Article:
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If you are thinking of becoming a health visitor, hopefully, you have found a lot of information on this website that has shown you the importance of health visitors in working with families and communities.

To become a health visitor, you need to be a qualified nurse or midwife and then undertake a one year (52 weeks) full-time or two years (104 weeks) part-time programme to qualify as a Specialist Community Public Health Nurse (Health Visitor).

You will find information about careers in health visiting and information on the recruitment process to programmes on the NHS Careers website.

All the educational programmes to prepare you to be a health visitor are also on the NMC website

Preparing to be a Health Visitor

Here we provide some useful web links and reading suggestions to familiarise yourself with policy affecting health visiting. This can make more sense if you have also sought out a practising health visitor to discuss the role in practice or even observe in practice. Throughout the UK the NMC (2004) Standards of Proficiency for Specialist Community Public Health Nurses (under revision) apply to all approved training programmes.

Recruitment to programmes of study to train is generally undertaken in partnership between universities and local employers who provide practice placements, so check websites and adverts. Generally, programmes are funded by the NHS which includes payment of student salary by the employer. An Apprenticeship scheme is likely to be applied to the funding of programmes in England from 2021 with some differences in funding, assessment and duration of the programme (typically 18 months).

Ensure you are up to date with guidelines and policies such as:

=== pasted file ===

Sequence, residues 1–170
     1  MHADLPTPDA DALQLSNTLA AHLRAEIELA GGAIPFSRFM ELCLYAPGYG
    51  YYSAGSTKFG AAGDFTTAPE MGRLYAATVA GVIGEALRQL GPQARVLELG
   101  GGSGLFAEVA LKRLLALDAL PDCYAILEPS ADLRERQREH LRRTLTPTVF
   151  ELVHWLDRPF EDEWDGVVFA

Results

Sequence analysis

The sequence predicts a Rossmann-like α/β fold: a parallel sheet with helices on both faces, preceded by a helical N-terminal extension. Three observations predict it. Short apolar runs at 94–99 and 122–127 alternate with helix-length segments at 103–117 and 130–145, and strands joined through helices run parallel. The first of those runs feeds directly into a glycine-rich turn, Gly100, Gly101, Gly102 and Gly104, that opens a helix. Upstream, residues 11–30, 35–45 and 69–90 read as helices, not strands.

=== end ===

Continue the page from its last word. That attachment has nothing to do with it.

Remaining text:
Northern Ireland

Personal and professional attributes of health visitors – what employers are looking for (DH 2012)

Be prepared to demonstrate that you are:

  • Proactively interested in public health, prevention and early intervention
  • Adaptable and influential
  • Respectful of different values and take a holistic approach to care
  • Supportive and have an adaptive communication style
  • Insightful when communicating
  • Able to engage others and build partnerships
  • Able to demonstrate professionalism

Entry requirements

Students accessing health visiting programmes must:

  • Be a registered nurse or midwife. Registration as a nurse can be in any field of nursing (adult, child, learning disability and mental health)
  • Complete an enhanced DBS check
  • Have a first degree (Academic entry requirements do vary according to HEI but most require a first degree).

Career pipeline for health visiting:

The infographic  shows current and potential career pathways into health visiting.

The iHV has recommended a fast-track health visitor (HV) training for graduates which includes a shortened pre-registration registered nurse (RN) training, followed by the specialist community public health nursing (SCPHN) HV training.

This option is currently being explored with higher education institutions (HEI) and, with the right agreements in place, this could enable a fast-track pathway for postgraduates to qualify as health visitors.


Possible interview questions:

  • Why have you chosen to apply for a career in health visiting?
  • What skills and/or qualities can you contribute?
  • What are the commitments such a course involves?
  • How do you think you will adapt to being a student and studying?
  • In what ways do you consider yourself a professionally committed person?
  • Can you tell us what you understand to be the role of the health visitor?
  • What factors can you identify that may be impacting the way that services are delivered in the community?
  • You arrive at a house to see a child and notice that the child has a slap mark injury to his / her face.  Where are your responsibilities?  To whom are you accountable and for what?
  • What other services do health visitors work with?
  • Can you talk about the role of the health visitor and safeguarding children?